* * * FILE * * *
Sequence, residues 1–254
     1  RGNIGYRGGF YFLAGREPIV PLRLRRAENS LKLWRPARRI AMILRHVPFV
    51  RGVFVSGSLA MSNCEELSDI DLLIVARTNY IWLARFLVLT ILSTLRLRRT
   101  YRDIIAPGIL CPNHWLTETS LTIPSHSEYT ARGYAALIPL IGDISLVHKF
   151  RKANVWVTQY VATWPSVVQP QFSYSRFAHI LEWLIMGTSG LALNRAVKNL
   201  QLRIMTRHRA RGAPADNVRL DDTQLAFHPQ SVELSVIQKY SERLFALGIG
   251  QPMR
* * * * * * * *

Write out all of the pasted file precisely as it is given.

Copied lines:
Sequence, residues 1–254
     1  RGNIGYRGGF YFLAGREPIV PLRLRRAENS LKLWRPARRI AMILRHVPFV
    51  RGVFVSGSLA MSNCEELSDI DLLIVARTNY IWLARFLVLT ILSTLRLRRT
   101  YRDIIAPGIL CPNHWLTETS LTIPSHSEYT ARGYAALIPL IGDISLVHKF
   151  RKANVWVTQY VATWPSVVQP QFSYSRFAHI LEWLIMGTSG LALNRAVKNL
   201  QLRIMTRHRA RGAPADNVRL DDTQLAFHPQ SVELSVIQKY SERLFALGIG
   251  QPMR